Check for any uneven areas on the ground, as these might cause a puddle to form and prevent water from collecting in low areas. This will, in turn, cause the seeds in those areas to rot.

    Removing the debris and adding topsoil will also aid you in leveling your lawn for an even look, but it is a good idea to check for yourself to ensure you are completely ready to plant grass seeds. This is a good time to fix any holes in the surface to prevent problems later.

  • Add nutrients and check for pH

    If your lawn is dying or having trouble growing, there may be deeper soil problems that need to be resolved before you plant new grass seed.

    In this case, or otherwise, you will need to use a pH tester. For the majority of grass varieties, the ideal pH range is 6.0 to 7.0.

    Your soil is too acidic if its pH is lower than 6.0, which means it needs nutrients like calcium, phosphorus, potassium, and nitrogen. To assist raise the pH of the soil and boost the availability of those nutrients, lime (also known as limestone) can be applied to the soil.

    On the contrary, if the pH is higher than 7, it needs more acid. Add compost, peat, sulfur, or fertilizer to your soil to lower the pH.

Step 2: Sowing grass seed

  • Lay the grass seeds

    A brand new grass requires a very substantial application when sowing grass seed. To ensure that everything is coated, try to lay the seeds evenly across the entire surface. Ideally, one and a half ounces of grass seed should be sown per square meter. The first amount should be weighed out, placed in a plastic cup, and marked on one side to serve as a measure. Divide your site into 1 m squares using canes. Distribute one cup of seed evenly throughout each square for convenience. As an alternative, when overseeding an established lawn, you need lighter coverage. To encourage growth, spread out extra grass seeds in bare spots. Simply use your bare hands to disperse the seed or a spreader for bigger areas.
  • Cover grass seed

    If the seed is just sown on the top layer of soil, it will dry out soon and not take root. The wind or the water might also carry it away.

    To sow grass seed properly, add a second, thin layer of the extra soil you have.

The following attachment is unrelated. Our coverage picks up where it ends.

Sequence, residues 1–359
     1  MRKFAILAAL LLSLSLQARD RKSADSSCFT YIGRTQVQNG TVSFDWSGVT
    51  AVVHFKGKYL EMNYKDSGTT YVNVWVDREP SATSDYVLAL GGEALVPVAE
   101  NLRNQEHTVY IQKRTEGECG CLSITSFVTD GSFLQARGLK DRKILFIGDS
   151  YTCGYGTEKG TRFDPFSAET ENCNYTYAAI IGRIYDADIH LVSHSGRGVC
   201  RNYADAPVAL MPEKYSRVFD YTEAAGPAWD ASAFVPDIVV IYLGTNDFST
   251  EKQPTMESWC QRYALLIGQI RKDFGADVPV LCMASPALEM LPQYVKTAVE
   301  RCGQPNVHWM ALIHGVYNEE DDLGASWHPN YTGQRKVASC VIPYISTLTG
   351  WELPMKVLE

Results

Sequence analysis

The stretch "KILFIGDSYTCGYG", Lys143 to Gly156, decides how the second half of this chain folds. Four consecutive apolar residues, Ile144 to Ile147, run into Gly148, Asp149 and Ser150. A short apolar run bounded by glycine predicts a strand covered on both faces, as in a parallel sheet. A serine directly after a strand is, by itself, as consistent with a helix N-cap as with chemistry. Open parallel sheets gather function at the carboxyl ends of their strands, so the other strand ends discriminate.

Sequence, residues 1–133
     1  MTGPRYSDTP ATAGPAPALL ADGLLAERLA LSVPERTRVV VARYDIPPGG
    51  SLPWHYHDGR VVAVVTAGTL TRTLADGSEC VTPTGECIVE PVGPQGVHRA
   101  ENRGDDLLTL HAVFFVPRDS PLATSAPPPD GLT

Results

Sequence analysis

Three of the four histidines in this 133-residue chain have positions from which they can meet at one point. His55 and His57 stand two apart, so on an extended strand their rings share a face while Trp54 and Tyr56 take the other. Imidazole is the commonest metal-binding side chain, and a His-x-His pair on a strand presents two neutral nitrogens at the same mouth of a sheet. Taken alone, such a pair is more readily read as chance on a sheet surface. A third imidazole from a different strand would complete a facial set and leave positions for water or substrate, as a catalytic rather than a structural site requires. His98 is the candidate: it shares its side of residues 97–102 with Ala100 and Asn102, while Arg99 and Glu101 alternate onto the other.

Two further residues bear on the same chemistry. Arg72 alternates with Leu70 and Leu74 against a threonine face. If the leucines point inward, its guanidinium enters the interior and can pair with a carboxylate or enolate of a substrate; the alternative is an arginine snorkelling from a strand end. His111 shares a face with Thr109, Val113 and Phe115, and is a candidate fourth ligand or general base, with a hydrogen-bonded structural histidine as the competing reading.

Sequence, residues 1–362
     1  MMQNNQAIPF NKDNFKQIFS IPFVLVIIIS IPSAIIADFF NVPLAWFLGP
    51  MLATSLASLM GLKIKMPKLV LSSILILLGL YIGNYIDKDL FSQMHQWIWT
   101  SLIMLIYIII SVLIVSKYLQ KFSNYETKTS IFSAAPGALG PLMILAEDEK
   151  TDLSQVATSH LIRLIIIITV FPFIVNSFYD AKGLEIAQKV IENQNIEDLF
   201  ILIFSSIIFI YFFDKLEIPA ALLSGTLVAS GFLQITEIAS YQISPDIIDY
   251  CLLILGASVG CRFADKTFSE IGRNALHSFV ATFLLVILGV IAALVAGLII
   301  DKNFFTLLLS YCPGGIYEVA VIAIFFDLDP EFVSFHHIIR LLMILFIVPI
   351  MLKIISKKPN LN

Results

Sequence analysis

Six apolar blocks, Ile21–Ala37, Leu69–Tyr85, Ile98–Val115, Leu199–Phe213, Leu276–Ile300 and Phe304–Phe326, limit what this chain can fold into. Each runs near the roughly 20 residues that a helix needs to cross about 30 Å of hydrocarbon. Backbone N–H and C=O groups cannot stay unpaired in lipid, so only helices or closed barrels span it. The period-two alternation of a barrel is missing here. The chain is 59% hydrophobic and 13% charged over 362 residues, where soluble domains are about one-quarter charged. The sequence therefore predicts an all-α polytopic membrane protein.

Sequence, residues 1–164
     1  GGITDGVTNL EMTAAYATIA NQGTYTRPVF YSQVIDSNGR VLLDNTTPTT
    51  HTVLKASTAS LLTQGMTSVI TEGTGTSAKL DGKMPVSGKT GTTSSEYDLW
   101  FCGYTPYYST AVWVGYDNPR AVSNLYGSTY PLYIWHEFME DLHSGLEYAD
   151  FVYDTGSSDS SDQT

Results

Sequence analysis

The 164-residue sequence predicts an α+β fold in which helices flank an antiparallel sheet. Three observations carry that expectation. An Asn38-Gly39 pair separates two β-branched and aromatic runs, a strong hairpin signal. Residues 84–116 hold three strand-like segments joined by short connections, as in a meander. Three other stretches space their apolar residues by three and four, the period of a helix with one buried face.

If you don't have soil to cover the seeds, you must work the seed around ⅓ to ½ inch deep into the soil. After planting the seed, smooth the soil's surface and push the seed into the ground using a rake.

    This will keep the water from evaporating immediately. Additionally, it safeguards the seeds from animals.

  • Feed the soil

    Once again, it is time to feed the soil with nutrients and fertilizers to accelerate growth.

    Step 3: Maintaining the lawn

    After sowing the seeds, it is a test of patience to nurture them and watch them grow. Here is what you should do while your little seeds grow into the beautiful green of your new lawn:

     

    Water optimally every single day

    Watch your newly planted grass seed closely. What you do right away is crucial since they only have one chance to germinate. If you have a mixture of grass seeds, remember that different grass plants germinate at various times. As a result, you'll need to keep watering them until the species with the slowest germination appears.

    Make sure to keep the top soil moist, not soggy. Too much water is just as bad as too little. Water at least once in the morning, but try to commit to two to three times a day.

    Check Moisture

    All your effort will be wasted if you do not keep a moisture check on your small sprouts of grass seedlings. They need to be watered as frequently as the seeds and have to be kept from drying out.

    Give the grass its first mow

    Finally, when you can see the fruition of your labor, it is time to give your lawn its first mow.

    Here are a few tips to keep in mind:

    • Sharpen the blades of your mower so it does not tear the grass
    • Minimize the number of turns the mower makes
    • Start the mower off the grass to prevent any unnecessary cuts
    • Do not cut grass blades more than ⅓ rd of the grass height

      You can now cut down on shallow watering and shift to watering a couple of times a week. Add some fertilizer to aid growth and help the lawn rood deeply. Continue for almost eight weeks, and voila! Your new and thriving lawn is ready.

      FAQs

      Will grass seed grow if I just throw it down?

      Some might but not all. Without the ideal conditions and on bare soil, the germination rate of grass seeds will diminish. They will not be able to hold a strong root in the ground and eventually die.

      How long does it take to grow grass with grass seed?

      Generally, you will be able to see new grass seedlings pop out in 7-14 days. However, in other varieties of grass, it might take up to 30 days.

      Do you have to bury grass seed for it to grow?

      Once you spread the seeds, only use a rake to sow them lightly into the soil, not more than half an inch deep. Grass seeds need optimal light to germinate, and adding a thick layer of topsoil or burying them will only inhibit their growth.

      What month is best to put grass seed down?

      The best seasons to plant cool season grasses are spring or fall since these northern species of grass need warm soil and cool air. If you’re in the North, you’d want to sow grass seeds in the fall, which means around September up till November.

      Warm season grasses can be sown in the South any time between late spring and mid-summer, which means from March to June. Wait until there is no longer a chance of a late frost and the daytime high is in the 80s.